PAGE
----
Range – Express story points and story point metrics as ranges.  Story points are often used to express the perception of the size or value of work. Using a range to communicate both inside and outside the team mitigates the risk of falling into precision bias.

Approximate – Agree that story points represent a team’s best guess using the knowledge available at a specific time.  Knowledge will evolve as the team develops specific experience, does research and/the environment changes. Story points are not precise.

Team – Gather a team.  Story points are a reflection of a collaboration between multiple points of view. As a collaboration of a group, they can not be used to assess or measure an individual.

Separate – Separate the use of story points from answering client and management questions related to when a function will be delivered and how much that functionality will cost from facilitating the flow of work with the team.

Regardless of what a team uses story points to assess or to approximate, the output of the process is a synthesis of thinking from a group of people.  Story points represent the thought process of the team that created them, influenced by the environment they operate within. Every individual on the team needs to understand the central thread of logic followed to generate story points; however, even on a mature team, individuals will have differences which further emphasize the need to establish a RATS-”based agreement on how story points will be used to ensure healthy behavior.

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SPaMCAST 521 features our essay on user stories and legacy code.  A common question is how user stories can be developed for legacy code or for problems that crop up in production.  The implication is that creating user stories is too hard when dealing with legacy code changes or too slow when dealing with production problems.  User stories are a core tenet for most agile approaches.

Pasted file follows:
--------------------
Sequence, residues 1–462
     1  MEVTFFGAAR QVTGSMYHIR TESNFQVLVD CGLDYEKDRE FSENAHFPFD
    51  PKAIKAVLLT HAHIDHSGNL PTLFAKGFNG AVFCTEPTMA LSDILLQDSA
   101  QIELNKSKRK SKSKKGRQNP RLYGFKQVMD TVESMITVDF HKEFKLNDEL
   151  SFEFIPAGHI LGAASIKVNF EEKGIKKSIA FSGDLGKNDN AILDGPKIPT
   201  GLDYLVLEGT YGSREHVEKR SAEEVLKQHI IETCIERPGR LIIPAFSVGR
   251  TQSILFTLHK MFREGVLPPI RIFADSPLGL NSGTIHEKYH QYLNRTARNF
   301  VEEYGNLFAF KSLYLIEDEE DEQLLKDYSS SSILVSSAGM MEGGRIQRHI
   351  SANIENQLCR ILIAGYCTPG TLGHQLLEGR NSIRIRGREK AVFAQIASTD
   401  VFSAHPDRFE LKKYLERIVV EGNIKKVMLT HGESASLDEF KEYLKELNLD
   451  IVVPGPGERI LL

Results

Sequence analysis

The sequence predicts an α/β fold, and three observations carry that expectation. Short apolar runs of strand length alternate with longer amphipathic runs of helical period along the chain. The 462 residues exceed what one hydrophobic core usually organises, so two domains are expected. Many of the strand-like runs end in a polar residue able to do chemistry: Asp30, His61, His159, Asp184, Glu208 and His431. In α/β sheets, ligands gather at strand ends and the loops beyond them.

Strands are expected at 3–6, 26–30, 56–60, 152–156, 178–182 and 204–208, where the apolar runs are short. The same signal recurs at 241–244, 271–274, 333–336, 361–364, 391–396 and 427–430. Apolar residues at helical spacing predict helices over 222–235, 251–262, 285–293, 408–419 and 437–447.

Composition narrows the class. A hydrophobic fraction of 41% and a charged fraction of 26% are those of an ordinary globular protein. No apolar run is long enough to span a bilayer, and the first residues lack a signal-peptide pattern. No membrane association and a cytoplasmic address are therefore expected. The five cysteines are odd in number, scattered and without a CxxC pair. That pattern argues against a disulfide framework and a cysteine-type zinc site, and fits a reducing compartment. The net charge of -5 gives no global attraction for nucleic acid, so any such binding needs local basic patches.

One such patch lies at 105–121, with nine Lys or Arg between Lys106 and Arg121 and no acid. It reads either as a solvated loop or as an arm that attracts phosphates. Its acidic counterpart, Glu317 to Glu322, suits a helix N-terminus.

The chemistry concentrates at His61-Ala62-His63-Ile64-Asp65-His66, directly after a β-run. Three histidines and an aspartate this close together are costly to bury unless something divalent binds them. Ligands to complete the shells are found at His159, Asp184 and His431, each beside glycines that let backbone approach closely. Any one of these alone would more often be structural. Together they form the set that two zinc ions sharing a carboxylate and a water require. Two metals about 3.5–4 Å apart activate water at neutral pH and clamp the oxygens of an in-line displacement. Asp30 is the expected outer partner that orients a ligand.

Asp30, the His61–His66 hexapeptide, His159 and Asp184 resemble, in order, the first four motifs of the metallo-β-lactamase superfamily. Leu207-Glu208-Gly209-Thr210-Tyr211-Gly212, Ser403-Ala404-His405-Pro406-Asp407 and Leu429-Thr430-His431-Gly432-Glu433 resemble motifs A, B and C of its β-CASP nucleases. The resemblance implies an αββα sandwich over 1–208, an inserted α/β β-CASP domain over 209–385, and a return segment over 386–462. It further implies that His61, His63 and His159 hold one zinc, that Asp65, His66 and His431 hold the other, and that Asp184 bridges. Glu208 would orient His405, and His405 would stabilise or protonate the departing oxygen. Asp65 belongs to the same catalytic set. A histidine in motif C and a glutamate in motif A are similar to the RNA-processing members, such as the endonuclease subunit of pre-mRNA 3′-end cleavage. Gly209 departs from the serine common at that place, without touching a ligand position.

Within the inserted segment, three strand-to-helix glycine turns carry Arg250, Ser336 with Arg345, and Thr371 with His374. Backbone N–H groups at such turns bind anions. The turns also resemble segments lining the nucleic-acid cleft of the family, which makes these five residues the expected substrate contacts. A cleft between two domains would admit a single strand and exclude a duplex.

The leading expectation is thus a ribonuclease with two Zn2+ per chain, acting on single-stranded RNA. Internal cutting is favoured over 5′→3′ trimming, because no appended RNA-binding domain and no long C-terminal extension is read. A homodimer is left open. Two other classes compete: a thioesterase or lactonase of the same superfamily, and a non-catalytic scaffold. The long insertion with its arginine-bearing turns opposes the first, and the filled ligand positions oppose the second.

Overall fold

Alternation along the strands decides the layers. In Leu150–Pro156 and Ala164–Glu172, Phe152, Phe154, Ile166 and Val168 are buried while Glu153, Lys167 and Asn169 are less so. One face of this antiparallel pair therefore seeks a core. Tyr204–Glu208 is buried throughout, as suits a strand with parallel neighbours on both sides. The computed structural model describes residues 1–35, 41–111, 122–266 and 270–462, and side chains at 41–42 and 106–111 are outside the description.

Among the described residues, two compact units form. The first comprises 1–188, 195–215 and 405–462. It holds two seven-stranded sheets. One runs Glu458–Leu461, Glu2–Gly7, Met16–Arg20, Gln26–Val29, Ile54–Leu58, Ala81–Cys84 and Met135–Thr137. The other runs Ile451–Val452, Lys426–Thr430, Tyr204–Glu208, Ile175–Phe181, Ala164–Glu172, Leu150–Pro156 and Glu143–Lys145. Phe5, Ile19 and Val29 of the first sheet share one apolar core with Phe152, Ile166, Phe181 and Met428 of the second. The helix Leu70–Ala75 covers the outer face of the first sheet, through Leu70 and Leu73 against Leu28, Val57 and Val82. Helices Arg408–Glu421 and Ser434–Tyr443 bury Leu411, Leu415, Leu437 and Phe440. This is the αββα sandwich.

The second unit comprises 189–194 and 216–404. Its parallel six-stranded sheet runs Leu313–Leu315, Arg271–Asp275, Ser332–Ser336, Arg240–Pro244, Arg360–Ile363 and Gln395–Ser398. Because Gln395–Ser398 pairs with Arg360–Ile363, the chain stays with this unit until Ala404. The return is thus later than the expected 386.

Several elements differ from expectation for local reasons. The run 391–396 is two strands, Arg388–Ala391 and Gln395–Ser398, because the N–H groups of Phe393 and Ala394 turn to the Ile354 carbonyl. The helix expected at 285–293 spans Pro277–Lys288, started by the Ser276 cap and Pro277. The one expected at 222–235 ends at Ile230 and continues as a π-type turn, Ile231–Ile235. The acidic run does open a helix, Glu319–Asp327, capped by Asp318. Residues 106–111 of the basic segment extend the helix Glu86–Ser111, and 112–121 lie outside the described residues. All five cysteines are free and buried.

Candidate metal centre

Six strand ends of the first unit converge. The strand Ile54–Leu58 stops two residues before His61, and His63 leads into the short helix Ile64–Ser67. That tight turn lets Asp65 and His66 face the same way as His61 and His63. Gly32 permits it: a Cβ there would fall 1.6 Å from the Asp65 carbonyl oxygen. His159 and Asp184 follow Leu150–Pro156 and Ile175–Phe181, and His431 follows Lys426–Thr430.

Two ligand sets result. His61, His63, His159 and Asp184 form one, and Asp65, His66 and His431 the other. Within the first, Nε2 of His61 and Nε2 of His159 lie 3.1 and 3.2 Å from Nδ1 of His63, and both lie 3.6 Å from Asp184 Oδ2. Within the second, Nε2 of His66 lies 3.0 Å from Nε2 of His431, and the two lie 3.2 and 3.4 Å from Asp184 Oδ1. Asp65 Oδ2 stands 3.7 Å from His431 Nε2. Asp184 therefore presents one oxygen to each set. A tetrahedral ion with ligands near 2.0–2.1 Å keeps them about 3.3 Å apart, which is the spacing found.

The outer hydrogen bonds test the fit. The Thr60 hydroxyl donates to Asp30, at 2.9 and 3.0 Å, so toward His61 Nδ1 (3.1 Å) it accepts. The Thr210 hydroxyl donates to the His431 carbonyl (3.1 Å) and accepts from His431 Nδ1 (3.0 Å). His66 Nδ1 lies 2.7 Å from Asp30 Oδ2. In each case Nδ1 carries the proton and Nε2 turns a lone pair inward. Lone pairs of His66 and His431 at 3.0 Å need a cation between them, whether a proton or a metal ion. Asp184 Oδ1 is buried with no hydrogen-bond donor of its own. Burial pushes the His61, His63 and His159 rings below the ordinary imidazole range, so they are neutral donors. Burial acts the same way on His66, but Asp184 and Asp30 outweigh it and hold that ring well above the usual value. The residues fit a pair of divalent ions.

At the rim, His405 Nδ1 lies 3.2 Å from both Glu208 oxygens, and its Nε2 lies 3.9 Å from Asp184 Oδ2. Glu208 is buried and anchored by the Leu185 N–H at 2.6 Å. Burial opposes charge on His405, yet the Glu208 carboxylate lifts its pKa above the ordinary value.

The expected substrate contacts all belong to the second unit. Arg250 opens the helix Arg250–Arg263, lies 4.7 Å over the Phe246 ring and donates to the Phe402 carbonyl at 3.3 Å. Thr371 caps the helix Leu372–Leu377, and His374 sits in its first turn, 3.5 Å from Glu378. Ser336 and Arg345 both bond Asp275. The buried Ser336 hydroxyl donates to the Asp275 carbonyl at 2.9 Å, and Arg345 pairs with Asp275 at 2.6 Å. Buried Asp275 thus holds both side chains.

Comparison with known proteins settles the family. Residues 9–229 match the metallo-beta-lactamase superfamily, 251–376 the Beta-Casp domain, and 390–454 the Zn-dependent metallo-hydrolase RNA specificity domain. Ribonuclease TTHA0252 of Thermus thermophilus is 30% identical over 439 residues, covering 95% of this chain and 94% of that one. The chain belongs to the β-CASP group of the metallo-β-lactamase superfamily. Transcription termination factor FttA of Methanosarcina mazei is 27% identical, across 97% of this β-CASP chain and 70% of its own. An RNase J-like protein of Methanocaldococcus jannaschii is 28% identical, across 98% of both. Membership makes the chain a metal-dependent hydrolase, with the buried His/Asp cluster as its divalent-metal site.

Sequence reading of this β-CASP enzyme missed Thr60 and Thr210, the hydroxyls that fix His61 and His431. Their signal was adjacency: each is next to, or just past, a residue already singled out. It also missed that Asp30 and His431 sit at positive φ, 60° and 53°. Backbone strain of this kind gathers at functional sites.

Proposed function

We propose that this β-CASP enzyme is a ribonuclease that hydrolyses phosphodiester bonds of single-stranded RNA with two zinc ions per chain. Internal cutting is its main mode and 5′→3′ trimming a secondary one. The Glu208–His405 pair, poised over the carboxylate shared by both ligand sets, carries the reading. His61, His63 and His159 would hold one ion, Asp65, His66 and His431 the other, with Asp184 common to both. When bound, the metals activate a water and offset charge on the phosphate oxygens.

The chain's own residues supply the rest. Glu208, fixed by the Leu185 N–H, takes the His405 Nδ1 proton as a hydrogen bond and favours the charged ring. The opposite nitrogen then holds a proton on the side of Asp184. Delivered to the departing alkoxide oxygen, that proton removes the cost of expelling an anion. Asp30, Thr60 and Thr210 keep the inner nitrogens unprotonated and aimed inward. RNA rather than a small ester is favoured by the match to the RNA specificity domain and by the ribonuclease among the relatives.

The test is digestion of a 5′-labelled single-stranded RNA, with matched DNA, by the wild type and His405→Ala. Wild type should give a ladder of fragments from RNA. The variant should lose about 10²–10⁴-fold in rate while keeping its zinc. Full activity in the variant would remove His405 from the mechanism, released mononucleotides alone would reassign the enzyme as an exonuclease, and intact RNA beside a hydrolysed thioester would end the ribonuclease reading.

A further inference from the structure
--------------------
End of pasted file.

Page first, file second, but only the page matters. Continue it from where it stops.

This week we also have a visit from the Software Sensei, Kim Pries!  Kim talks about training in a column titled, “Software Catechism.”

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Re-Read Saturday News
The Software Process and Measurement Cast and Blog crew is on the road this weekend so we are going to take a day off from our re-read of Bad Blood, Secrets and Lies in a Silicon Valley Startup by John Carreyrou (published by Alfred A. Knopf, 2018 – Buy a copy and read along!)   Today we re-visit an entry from 2013, In 2013 we ran a series titled “Motivational Sunday”. In this entry, we talked about the relationship between commitment and habits. I have tweaked the works a little but the sentiments are no different.

Habit and Commitment (more…)

How did we get to this point!

Story points were originally developed as a metaphor to give a rough answer to the question of how much functionality could be delivered in a specific period of time.  The problem is that all good metaphors are eventually abused or, worse, people forget that the metaphor is a simplification and approximation of real life. Metaphors become reality.   Three basic behaviors of leaders and stakeholders in software development (broad definition) have lead the metaphor of story points to evolve into story points as measures — something they FAIL miserably at. (more…)